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Werner Kok will give his all for Sharks before he leaves Shark Tank


If the Sharks can beat Clermont on Saturday in London, they will become the first South African team to play in the final of a European competition.

Werner Kok of the Hollywoodbets Sharks scores a try during the BKT United Rugby Championship against Connacht. Picture: Steve Haag Sports, INPHO, Shutterstock (14220806al)

Mike Greenaway

WERNER Kok played a blinder in the Sharks’ defeat of the Scarlets last week, causing some serious blushes for the authorities at The Tank who decided against a contract renewal for the Blitzbok superstar.

Kok was quite a sight – dashing in for a hat-trick of tries, his tousled locks in full flow – and little wonder Sharks fans are cursing his imminent move to Ulster in Northern Ireland.

But Kok has one, possibly two games left in Sharks colours, and the consummate team man is determined to help the Sharks win the Challenge Cup.

He says he wants one more cup, and if the Sharks can beat Clermont on Saturday in London, they will become the first South African team to play in the final of a European competition.

Kok has a mantelpiece groaning with trophies from his glory days in the golden era of the Blitzboks. He was the World Rugby Sevens Player of the Year in 2015 and in 2017, and he won a Currie Cup with Western Province when they beat the Sharks in the final.

“I’m extremely motivated to finish at the Sharks on a high,” the 31-year-old said. “If we could win the Challenge Cup, it would mean the world to me.”

Kok has been a trooper for the Sharks in this most difficult of seasons. He was busting a gut during the horror run in the United Rugby Championship, and he has been chasing anything that moves in the Sharks’ renaissance in the Challenge Cup.

We shouldn’t forget that the Sharks started their Challenge Cup run with a loss – to the Cheetahs in Bloemfontein – but they have been unblemished in the tournament since.

There has been a turnaround since the URC win over Ulster, with five wins in six starts across both competitions, and even the loss against the Glasgow Warriors was a victory of sorts because a B-team almost beat the URC log leaders.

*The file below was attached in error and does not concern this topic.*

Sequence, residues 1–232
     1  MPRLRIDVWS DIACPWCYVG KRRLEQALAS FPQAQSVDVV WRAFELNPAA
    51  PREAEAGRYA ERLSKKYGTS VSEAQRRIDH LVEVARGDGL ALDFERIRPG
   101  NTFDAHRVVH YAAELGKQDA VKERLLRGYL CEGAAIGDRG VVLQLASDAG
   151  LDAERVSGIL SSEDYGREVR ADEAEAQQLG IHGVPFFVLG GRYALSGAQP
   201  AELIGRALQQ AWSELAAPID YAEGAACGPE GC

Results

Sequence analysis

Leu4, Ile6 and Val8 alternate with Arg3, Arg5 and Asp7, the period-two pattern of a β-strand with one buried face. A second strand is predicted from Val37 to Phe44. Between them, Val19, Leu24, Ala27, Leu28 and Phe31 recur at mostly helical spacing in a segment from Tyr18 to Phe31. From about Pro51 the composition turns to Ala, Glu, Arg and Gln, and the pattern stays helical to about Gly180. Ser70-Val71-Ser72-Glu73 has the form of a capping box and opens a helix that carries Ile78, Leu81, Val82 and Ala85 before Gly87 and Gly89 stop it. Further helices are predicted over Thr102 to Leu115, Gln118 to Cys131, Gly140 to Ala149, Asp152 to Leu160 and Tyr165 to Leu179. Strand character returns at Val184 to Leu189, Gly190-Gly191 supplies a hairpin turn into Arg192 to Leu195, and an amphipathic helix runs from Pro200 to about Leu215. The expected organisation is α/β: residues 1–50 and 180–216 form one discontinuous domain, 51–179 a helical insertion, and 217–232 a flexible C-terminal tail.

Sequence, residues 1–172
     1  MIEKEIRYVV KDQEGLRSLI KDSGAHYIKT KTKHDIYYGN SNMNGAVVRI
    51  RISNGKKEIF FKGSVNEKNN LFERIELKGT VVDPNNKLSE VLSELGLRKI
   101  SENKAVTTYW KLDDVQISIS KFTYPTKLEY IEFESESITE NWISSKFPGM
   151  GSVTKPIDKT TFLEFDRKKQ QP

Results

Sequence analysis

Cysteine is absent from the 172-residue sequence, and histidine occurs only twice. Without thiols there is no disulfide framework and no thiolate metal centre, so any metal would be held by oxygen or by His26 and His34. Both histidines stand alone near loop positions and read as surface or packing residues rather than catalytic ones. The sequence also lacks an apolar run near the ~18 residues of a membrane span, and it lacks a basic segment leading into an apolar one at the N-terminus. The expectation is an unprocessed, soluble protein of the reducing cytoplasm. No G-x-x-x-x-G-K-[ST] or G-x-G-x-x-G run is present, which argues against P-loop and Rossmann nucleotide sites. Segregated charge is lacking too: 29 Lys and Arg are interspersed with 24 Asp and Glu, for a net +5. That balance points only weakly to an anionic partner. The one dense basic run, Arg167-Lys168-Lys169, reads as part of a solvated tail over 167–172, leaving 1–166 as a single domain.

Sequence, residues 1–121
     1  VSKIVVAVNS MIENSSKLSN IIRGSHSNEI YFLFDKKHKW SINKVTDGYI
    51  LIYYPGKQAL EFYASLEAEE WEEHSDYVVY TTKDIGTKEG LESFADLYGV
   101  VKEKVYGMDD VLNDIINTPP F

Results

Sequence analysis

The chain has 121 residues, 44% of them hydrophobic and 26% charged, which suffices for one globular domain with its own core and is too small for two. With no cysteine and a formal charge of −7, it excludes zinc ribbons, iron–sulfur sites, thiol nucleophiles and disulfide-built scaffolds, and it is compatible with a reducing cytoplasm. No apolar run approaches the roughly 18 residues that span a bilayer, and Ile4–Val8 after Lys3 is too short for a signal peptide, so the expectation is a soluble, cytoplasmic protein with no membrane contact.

A simple explanation for the turnaround is that the Sharks have been a different team since they finally got back their World Cup Boks, but Kok says there is more to it than that.

“It was a few mindset changes in the camp that turned it around and we also had a culture change,” Kok said from London.

“Most people wouldn’t have seen it because it happened inside the camp, but there was quite a bit of change. Everyone is aligned towards one goal and that makes a massive difference.”

Sadly for Kok and his many Sharks fans, he is leaving at the start of the rebirth of the Sharks.

“The best is still to come for this team,” he said. “You can see things are falling in line at the moment. The Sharks are on the way to a proper place.

“If we can get past Clermont and win the final, that takes the Sharks into the Champions Cup next season and that will mean a lot to the guys.”

Especially considering where the Sharks have come from – it wasn’t long ago they were propping up the URC points ladder. They were the worst-performing side in the 16-team competition.

But Kok knows that beating a Clermont team packed with internationals from France, Argentina, Australia, Fiji and Tonga is easier said than done.

Clermont showed their class when they beat Ulster 53-14 in their Challenge Cup quarter-final, and last week backed it up with a 41-18 defeat of French Top 14 leaders Stade Francais.

But Kok points out that the semi-final is on neutral ground and that counts for plenty considering how strong Clermont are on their home ground of Stade de Michelin.

“We want to make The Stoop a home from home,” he said. “There are thousands of South Africans in London and we would love them to be in Sharks colours on Saturday.”

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